There are commodity data center operators out there like OVH or Hetzner, who provide you with single floating IPs or RIPE blocks directly routed to your machine. That means that, your machine usually is  AAA.BBB.CCC.DDD/24 (the primary address), with the default router in AAA.BBB.CCC.254 , but this router also will handle traffic for WWX.XXX.YYY.ZZZ/29 or EEE.FFF.GGG.HHH/32 (floating RIPE blocks or addresses) to your network interface to your eth MAC directly, and you can if you have a virtual machine inside your host, you need to setup routing like this:

ifconfig eth0 EEE.FFF.GGG.HHH netmask 255.255.255.248 up route add AAA.BBB.CCC.254 dev eth0route add default via AAA.BBB.CCC.254 dev eth0

(if you use RHEL or CENTOS in an VM, you will need to use the route-eth0 script to setup this) As an extra (at least for ovh) they provide an API to setup your .254 router connect your floating IPs to virtual mac adresses, but… you cannot chose the MAC address, they will provide you a random one. When trying to use this together with openstack / neutron server, it won’t work out of the box. Loïc Dachary describes a solution here Fragmented floating IP pools and multiple AS hack His solution solves 2 problems: disperse floating IP pools + the MAC translation. But adds complexity (you have an extra layer of virtual IPs that you see within neutron, and then you have to manually keep a correlation table in the network node external IP:internal IP … etc) Another solution

warning: this is not tested, but an idea for implementation

He sparked an idea in my mind about how to handle it without double IP translation (but I’m not fixing the multiple floating IP blocks problem): My solution (and I yet have to try it) is adding another bridge in the middle (classic linux bridge) before the external eth…and then use MAC DNAT: for every virtual MAC address in neutron:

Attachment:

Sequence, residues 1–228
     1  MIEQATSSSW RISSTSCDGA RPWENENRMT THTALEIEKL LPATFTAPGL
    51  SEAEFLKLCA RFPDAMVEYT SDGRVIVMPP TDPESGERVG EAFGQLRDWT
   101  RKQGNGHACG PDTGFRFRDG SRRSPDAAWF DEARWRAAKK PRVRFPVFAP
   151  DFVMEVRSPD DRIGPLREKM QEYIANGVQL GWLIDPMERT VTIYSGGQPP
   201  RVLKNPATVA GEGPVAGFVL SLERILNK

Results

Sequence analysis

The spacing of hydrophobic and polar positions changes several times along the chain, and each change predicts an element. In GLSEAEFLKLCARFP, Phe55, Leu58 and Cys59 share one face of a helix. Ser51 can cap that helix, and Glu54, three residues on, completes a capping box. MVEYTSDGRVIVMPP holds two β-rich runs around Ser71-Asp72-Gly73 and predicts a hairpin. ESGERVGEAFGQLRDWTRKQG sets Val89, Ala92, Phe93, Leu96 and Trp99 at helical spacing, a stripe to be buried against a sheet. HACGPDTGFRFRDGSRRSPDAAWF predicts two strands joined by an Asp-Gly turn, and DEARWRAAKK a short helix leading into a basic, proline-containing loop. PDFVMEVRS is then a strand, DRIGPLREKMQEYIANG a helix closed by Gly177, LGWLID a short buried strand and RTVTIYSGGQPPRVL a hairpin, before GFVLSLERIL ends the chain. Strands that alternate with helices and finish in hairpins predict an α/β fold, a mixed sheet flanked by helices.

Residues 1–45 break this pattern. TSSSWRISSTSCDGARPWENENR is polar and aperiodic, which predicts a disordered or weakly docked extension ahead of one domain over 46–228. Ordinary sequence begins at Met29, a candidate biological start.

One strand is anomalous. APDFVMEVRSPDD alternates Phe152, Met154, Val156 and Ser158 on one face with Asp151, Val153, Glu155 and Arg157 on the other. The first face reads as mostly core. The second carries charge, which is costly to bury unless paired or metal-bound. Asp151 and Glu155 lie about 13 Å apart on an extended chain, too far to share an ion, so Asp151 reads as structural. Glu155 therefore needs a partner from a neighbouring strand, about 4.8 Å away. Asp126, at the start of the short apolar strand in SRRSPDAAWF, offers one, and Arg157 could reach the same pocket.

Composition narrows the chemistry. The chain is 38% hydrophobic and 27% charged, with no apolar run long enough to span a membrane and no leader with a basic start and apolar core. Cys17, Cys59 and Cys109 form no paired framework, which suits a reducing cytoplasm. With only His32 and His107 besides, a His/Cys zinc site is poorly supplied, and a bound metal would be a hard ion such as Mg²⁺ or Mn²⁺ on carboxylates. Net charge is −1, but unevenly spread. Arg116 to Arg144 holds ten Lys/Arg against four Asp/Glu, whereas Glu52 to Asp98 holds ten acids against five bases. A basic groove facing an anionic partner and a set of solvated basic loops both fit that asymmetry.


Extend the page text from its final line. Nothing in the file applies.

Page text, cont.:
ebtables -t nat -A PREROUTING -d 00:11:22:33:44:55  MAC)  -i eth0 -j dnat –to-destination 54:44:33:22:11:00 -ip-dst 172.16.1.1+ the output counterpart rule (TBD) considering:00:11:22:33:44:55 : the external interface general MAC address54:44:33:22:11:00 : the internal, randomly generated neutron address 172.16.1.1 : the floating IP address connected to 54:44:33:22:11:00 in neutron

of course, we need a little tool that might be learning from neutron-server which virtual mac addresses are we using…

Yet another solution (sounds way better): Adding openflow rules to br-ex (or an extra br-ovh bridge), to handle incoming and outgoing traffic and do this MAC translation based on openflow tables This would allow us to learn from any outgoing traffic the MAC DNAT counterpath in the input table. See Table 10 & Table 20 for the openflow configuration in openvswitch/neutron in Assaf Muller’s blog: GRE Tunnels in OpenStack Neutron

Cheers, Miguel Ángel Ajo

Cirros Image mirror

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Neutron external network with routing (no NAT)

Published on January 10, 2018

We moved again! hello jekyll, bye tumblr

Published on January 03, 2018